Urban Meyer makeover of Big Ten complete now that Ohio State has helped dethrone Nick Saban, Alabama
It means that the revolution is complete now, as sure and as granite as the noses on Mount Rushmore. It means that the transfusion took. It means that the Urban Meyer Makeover of Big Ten football as we knew it just ticked off another milestone.
Just ticked off the SEC, too. Which is even better.
Meyer is a few Wednesday signatures away from landing his first national No. 1 recruiting class, as ranked by the 247Sports composite, at Ohio State. As of early Monday morning, the Buckeyes’ spoils led No. 2 Georgia’s by almost two whole points, with a score of 311.17 to 309.23. Even if the final furlong is shaping up for a photo finish, we know Nick Saban won’t be prancing around the winners circle for the first time since 2010.
Which means that what’s old is new again, given that Meyer had rounded up the nation’s top class in two of the four years (2007 and 2010) before Saban built his personal Death Star at Alabama and started hoarding the top spot. For seven years straight.
“I think it is a prestigious thing when Alabama has won it seven years in a row and no one else has won it,” longtime recruitnik Tom Lemming told Land of 10 recently. “Ohio State has always been among the top 5 recruiting classes and finally got over the hump of being the overall No. 1.
“And I think it’s a special class, too. Last year’s class was a great class, but I think there might be even more depth in this one. What it means for Urban is a continuation of the dominance in the Big Ten. And I think that’s the only thing that Urban is worried about.”
‘He’s one of the hardest-working coaches around’
Bill Hancock doesn’t hand out trophies in early February. But given that no Big Ten program has nabbed 247Sports’ No. 1 slot this century, it means the last frontier, the last albatross, the last digital glass ceiling, could well be shattered forever.
The big, fat, slow, stodgy Big Ten opened the week with the nation’s top class. And No. 4. And No. 16. And No. 24. And No. 25. And No. 27.
The SEC accounts for seven of 247Sports’ top 30 as of early Monday; the Big Ten accounts for six. In 2010, the gap between the two leagues was eight (SEC) to four (Big Ten).
“He realizes no matter how good a coach you are, you win with impact players. And he and Saban understand that better than most.”
— Longtime recruiting analyst Tom Lemming on Ohio State coach Urban Meyer
So it means that Planet Delany has the depth and the cream now. And for that, it has Meyer to thank, the rising Urban tide that forced the administrations across the league to upgrade their own respective boats. Or risk getting washed away.
Without Meyer’s introduction to the Big Ten in November 2011, we probably don’t get Jim Harbaugh at Michigan or James Franklin at Penn State pushing everybody’s game, especially the recruiting game, to get better.
We probably don’t get P.J. Fleck rowing boats at Minnesota or Jeff Brohm somehow making silk purses at Purdue. We probably don’t get Scott Frost at Nebraska, stoking the dying embers inside that Big Red engine again.
It means you take a day off at your peril. Lemming was doing the 4-1-1 rounds at a high school in North Carolina last week where the natives told him Urban had popped in recently to check out a promising nose guard for the Class of 2019.
“He’s one of the hardest-working coaches around,” Lemming said of Meyer. “And he realizes no matter how good a coach you are, you win with impact players. And he and Saban understand that better than most.”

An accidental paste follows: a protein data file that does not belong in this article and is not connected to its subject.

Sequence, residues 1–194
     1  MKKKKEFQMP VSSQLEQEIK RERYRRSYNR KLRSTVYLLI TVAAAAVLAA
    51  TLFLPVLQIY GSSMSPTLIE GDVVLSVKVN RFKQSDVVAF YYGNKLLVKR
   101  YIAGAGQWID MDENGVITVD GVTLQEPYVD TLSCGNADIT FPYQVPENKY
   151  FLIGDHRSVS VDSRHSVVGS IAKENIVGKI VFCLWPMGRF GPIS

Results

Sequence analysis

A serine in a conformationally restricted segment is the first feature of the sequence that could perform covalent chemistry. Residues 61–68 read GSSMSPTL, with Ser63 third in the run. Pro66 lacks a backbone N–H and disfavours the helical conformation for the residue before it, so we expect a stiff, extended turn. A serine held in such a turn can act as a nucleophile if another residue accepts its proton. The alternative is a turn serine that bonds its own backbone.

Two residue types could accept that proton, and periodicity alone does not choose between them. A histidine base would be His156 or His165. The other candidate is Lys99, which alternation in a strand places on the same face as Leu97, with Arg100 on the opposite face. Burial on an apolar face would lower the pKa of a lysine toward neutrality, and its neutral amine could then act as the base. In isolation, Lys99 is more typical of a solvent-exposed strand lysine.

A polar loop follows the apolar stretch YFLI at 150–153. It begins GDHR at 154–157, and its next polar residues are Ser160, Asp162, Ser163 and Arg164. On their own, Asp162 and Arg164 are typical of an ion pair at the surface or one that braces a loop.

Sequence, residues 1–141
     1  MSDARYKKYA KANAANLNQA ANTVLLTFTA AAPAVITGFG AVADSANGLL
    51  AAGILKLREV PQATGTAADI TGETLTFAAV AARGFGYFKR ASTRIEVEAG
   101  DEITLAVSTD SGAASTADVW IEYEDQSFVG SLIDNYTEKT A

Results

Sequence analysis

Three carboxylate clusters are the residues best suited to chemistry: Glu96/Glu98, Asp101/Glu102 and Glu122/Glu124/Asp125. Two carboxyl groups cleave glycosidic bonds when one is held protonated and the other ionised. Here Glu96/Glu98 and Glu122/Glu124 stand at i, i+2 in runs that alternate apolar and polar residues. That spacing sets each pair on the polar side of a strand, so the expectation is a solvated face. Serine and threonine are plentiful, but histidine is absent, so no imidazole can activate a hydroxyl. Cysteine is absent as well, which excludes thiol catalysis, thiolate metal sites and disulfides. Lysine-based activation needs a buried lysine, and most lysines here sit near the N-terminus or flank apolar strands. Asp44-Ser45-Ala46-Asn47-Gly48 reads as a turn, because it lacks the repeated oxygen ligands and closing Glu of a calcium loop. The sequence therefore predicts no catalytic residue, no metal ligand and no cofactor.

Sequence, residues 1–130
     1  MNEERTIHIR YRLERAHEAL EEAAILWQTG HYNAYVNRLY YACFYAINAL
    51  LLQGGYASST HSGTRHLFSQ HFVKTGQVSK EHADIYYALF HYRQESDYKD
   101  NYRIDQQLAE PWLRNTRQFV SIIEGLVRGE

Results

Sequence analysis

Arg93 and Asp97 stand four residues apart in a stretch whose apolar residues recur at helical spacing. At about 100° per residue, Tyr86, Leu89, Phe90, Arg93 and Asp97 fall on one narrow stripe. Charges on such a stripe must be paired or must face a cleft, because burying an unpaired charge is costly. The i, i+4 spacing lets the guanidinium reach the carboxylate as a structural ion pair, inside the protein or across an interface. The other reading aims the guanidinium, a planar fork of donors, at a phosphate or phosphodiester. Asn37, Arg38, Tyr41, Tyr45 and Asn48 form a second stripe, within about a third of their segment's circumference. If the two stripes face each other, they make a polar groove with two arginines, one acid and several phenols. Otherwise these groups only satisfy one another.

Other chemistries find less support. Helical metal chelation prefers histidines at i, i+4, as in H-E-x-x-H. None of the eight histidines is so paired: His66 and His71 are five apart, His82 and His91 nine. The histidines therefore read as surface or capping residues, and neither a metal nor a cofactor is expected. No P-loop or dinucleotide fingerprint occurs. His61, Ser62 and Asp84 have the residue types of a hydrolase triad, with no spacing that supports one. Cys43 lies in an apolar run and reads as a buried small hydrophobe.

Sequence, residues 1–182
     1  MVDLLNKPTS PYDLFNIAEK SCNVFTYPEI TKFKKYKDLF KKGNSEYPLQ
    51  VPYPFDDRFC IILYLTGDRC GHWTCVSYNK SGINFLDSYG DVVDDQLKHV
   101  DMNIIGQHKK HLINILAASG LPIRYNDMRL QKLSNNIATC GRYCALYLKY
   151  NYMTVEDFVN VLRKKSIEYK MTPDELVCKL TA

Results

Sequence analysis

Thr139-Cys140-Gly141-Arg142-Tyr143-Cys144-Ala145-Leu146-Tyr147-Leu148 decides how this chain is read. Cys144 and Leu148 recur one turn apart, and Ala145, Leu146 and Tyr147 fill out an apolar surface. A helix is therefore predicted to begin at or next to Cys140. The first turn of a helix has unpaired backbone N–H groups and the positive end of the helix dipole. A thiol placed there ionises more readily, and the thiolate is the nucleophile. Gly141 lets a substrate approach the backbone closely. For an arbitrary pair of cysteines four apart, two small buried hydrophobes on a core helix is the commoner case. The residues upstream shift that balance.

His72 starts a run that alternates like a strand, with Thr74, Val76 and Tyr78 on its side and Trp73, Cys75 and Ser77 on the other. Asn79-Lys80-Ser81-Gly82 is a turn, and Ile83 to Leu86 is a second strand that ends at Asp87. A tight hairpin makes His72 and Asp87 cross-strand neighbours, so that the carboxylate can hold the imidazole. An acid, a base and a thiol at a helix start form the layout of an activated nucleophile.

‘It won’t force them to play guys too early’
The skeptics on the other side of the Waffle House line will contend that the 2018 rankings are a quantity trick, a mathematical fluke. The Crimson Tide, as of early Monday, had just 18 commits to the Buckeyes’ 24.
Although this is a victory of quality, too: Ohio State’s class features a pair of 5-stars (for now) compared to Bama’s one, and averages a talent score of 94.18 per prospect on 247Sports’ rankings to Bama’s 92.91. In fact, it’s the second year in a row in which Meyer has edged out Saban on a per-recruit basis, with an average score last winter of 94.59 to the Tide’s 93.76.
“I don’t think it matters much to Meyer to land the top class — and even that is not wrapped up. Georgia could still pass them,” offered Brandon Huffman, national college football recruiting editor at 247Sports. “But I think he’s got to be happy to solidify the top class in the Big Ten, considering the momentum Penn State [at No. 4] has built.
“Coming off what was a stellar class a year ago, where the Buckeyes signed a lot of young talent, to be able to do it again this year sets the Buckeyes up for both the short- and long-term. They filled depth at key positions — the defensive line and tight end — with prospects who can make an immediate impact, but also gives them depth for the long term. So coming off last year’s class, [it] won’t force them to play guys too early.”
And while the top overall class guarantees you a seat, it doesn’t promise the table. Of 247Sports’ No. 1 national composite classes since 2000, 10 of the 18 schools with the top-ranked haul — 56 percent — wound up winning a national title within a 4-year span of that particular class; 14 of the 18 — 78 percent — notched at least one Associated Press top 4 postseason ranking within a four-year frame.
Although since snatching the crown from Meyer’s temple in the winter of 2011, Saban is seven for his last seven — on both fronts.
“What it’ll mean is that they’re bringing in a boatload of great players,” Lemming laughed. “It just means Ohio State will be in the national title race for the next few years.”
It means the king is dead. Long live the king.